The United States District Court for the Eastern District of Virginia, applying Virginia law, has held that a hotel’s former maintenance worker was not an “employee” as defined by a business insurance policy, thereby precluding coverage for loss resulting from the worker’s theft.   GRM Mgmt., LLC v. Cincinnati Ins. Co., 2017 WL 1712520 (E.D. Va. May 1, 2017).

A hotel hired a maintenance worker who later stole personal property and building materials while on the job.  The hotel tendered the claim to two insurers under policies covering distinct risks.  The first policy, providing commercial property insurance, excluded coverage for loss resulting from theft by an employee.  The second policy, a business insurance policy, covered loss “resulting directly from ‘theft’ committed by an ‘employee.’”  The hotel argued in litigation with the property insurer that coverage existed under the policy because the worker was an independent contractor, not an employee.  The parties settled, and the hotel brought suit against the second insurer.  The second insurer denied coverage on the basis that the worker was not an “employee” as defined by the policy and filed a motion for summary judgment.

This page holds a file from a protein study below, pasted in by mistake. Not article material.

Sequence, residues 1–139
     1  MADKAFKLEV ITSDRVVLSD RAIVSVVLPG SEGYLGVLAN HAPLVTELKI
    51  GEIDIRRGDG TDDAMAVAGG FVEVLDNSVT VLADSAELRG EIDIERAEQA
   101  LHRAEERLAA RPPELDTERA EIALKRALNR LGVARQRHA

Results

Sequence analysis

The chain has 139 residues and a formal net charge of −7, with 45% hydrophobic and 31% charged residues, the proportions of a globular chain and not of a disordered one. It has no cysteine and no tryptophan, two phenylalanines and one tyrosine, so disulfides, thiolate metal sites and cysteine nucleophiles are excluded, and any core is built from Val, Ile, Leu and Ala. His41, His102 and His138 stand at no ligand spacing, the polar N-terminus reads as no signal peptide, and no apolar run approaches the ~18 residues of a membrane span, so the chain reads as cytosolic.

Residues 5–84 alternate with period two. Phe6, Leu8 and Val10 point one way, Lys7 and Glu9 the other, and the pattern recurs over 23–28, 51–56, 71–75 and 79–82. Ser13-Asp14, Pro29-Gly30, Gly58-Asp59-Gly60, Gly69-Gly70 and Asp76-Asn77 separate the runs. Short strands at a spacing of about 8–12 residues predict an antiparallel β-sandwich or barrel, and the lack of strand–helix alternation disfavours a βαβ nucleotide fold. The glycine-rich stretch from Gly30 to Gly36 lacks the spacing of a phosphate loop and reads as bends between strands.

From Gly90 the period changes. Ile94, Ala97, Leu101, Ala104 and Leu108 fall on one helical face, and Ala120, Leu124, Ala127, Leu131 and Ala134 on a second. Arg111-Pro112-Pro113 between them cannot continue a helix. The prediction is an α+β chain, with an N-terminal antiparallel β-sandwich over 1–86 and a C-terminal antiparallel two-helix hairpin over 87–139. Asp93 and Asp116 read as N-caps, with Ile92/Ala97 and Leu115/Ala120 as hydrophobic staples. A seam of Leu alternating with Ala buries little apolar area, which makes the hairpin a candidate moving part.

The court granted the insurer’s motion and dismissed the case with prejudice.  The court pointed to the policy’s language, which defined “employee” as a “natural person” whom the hotel “compensate[d] directly” and whom the hotel had “the right to direct and control while performing services.”  The court found the first two elements were satisfied, but that the third was not.  In particular, the court observed that although the hotel directed the ends of the worker’s work, it had not controlled the means – the worker used his own tools, had no supervisor or weekly hour requirement, and worked on a project-by-project basis.  The court also relied on testimony elicited from the hotel general manager during the hotel’s lawsuit with the property insurer, who had described the financial and legal benefits of hiring maintenance workers as independent contractors, rather than employees.  Finally, the court relied on the worker’s contract, which was a “sub-contractor” agreement in which the hotel disclaimed all liabilities for the worker.